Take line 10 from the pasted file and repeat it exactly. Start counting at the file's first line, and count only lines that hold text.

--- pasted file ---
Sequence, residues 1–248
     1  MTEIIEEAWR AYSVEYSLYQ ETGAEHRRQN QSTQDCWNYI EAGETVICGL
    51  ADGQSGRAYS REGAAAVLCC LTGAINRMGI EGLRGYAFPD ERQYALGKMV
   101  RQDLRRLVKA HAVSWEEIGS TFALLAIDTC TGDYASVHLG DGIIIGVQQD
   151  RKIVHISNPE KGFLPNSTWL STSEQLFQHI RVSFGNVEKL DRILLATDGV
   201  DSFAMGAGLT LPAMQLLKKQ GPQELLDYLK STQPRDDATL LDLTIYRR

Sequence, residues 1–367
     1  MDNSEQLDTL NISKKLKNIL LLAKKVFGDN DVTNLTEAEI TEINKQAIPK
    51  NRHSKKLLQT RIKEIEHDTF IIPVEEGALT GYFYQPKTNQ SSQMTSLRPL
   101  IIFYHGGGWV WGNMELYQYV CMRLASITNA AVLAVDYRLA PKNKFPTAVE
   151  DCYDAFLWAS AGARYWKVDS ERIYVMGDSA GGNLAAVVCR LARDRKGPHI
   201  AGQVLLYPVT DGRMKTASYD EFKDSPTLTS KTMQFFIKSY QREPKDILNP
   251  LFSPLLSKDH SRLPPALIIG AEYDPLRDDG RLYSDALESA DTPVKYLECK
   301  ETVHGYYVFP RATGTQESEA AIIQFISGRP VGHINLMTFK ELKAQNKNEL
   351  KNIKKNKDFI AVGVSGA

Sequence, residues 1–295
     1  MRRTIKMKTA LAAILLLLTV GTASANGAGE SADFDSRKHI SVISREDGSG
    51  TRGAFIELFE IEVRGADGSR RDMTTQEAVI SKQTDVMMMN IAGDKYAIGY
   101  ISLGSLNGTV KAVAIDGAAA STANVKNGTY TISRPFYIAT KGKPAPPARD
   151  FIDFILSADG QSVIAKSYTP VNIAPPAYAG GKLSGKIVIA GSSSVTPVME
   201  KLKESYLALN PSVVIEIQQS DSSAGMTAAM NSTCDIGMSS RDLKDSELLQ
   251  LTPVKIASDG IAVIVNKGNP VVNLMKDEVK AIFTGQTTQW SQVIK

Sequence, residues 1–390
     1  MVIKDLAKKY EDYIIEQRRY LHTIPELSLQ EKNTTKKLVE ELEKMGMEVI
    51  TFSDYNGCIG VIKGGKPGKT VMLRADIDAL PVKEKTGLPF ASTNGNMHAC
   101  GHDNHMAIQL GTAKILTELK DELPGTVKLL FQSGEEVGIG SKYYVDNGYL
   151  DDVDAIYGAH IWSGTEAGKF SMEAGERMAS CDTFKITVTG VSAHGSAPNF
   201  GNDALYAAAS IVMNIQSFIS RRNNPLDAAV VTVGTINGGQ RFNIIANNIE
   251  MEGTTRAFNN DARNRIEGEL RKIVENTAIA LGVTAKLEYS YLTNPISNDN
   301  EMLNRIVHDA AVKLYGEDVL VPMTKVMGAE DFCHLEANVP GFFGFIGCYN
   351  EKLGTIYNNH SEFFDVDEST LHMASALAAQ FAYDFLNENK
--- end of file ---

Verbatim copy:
   101  IIFYHGGGWV WGNMELYQYV CMRLASITNA AVLAVDYRLA PKNKFPTAVE